Figure 3. Change in oil production from Sudan and South Sudan following the division of one country into two. (Council on Foreign Relations )

The IEA is not optimistic that the return to production will be as smooth as others think:
“Industry sources have been quoted as saying that restarting oil production could take six months or even longer, since the lines have been filled with water and because some wells were not closed properly.”
The OPEC projection that overall Sudanese production has returned to the 240 kbd level may, therefore, be still an optimistic estimate. The increase to 175 kbd following the repair to the pipelines from the Majnoon field in Iraq is encouraging (although the high level of violence that continues in that country does not give high confidence that the pipeline might not be struck again.)

The increased production from the Kashagan field in Kazakhstan – anticipated to rise to 75 kbd - has again been hit following system leaks so that this increased production that OPEC had anticipated has, again, been postponed.

And while production has now started from the Espirito Santo in the pre-salt fields off Brazil, it is not clear whether the production gains will offset the declines that have occurred in Brazilian production in recent months.

Figure 4. The Espirito Santo floating production storage and offloading (FPSO) vessel (Shell )

Just as there is a perception that the United States is heading toward independence in energy needs (a fallacy I have written about several times in the past), so there is a perception that OPEC is becoming a less critical supplier. This is far from the case. KSA has been producing over 10 mbd for the last months, in order to offset the loss in Libyan oil to the market, and the combined production of KSA, UAE, Kuwait and Qatar now supplies 18% of global demand. This is only the second time that this number has been that high in the past 30 years. It comes at a time when the Middle East is supplying 25% of Chinese oil demand, as that country passes the United States to become the largest importer of oil.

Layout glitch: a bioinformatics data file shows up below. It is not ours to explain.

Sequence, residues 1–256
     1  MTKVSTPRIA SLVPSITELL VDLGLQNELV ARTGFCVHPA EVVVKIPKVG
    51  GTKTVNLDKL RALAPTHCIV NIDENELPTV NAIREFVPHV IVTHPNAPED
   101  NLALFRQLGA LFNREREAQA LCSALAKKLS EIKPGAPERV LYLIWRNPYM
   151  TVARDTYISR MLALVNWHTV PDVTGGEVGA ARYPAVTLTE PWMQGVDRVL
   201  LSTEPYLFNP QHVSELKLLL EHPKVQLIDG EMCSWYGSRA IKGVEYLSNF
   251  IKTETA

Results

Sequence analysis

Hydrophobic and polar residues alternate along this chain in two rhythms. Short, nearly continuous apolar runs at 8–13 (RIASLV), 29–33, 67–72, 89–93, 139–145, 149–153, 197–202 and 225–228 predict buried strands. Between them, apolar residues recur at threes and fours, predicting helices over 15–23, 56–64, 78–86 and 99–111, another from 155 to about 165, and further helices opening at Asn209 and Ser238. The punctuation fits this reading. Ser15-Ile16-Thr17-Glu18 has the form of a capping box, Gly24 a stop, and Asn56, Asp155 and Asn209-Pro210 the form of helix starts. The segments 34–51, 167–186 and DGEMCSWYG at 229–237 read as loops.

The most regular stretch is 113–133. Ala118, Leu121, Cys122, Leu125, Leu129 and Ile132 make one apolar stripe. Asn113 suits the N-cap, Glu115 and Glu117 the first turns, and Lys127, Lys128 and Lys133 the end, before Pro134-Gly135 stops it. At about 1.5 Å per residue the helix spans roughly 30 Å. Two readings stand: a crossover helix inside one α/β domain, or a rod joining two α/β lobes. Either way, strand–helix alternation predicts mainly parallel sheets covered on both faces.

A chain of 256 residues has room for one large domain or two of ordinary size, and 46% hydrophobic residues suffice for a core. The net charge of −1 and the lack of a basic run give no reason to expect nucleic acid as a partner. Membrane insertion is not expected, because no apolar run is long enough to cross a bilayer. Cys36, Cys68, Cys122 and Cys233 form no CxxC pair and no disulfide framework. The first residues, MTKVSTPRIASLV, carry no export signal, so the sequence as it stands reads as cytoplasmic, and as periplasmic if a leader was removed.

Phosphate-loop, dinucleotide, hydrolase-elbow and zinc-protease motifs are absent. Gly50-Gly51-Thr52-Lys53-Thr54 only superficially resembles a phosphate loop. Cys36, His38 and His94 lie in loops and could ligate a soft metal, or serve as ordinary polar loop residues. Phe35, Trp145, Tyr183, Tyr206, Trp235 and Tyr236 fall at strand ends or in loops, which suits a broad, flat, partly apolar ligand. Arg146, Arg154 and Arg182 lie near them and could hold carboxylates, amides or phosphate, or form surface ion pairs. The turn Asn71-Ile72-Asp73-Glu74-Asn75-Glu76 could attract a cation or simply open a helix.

Figure 5. OPEC oil production (numbers compiled from secondary sources (OPEC MOMR October )

This comes at a time when the world still wonders about the actual oil balance as it flows in and out of China.

Unfortunately the picture that is emerging continues to show that OPEC is tending to be overly optimistic in its forecasts for production, which does not bode well for future supplies of fossil fuel.

Given that a group of environmental scientists have just released a letter calling for increased investment in nuclear power since, to quote James Hansen:
Hansen, who’s now at Columbia University, said it’s not enough for environmentalists to simply oppose fossil fuels and promote renewable energy.

“They’re cheating themselves if they keep believing this fiction that all we need” is renewable energy such as wind and solar, Hansen told the AP.
This comes a bit late, since as I noted recently, it takes over a decade to build a new nuclear power plant, and with the current schedule for existing plant closures moving inexorably along their timetable, this may presage a decade of power shortages. We shall see!! But in the meanwhile we had better hope that those folk concerned over the possible shut down of the Trans Alaskan Pipeline because of inadequate flow are being just a tad pessimistic.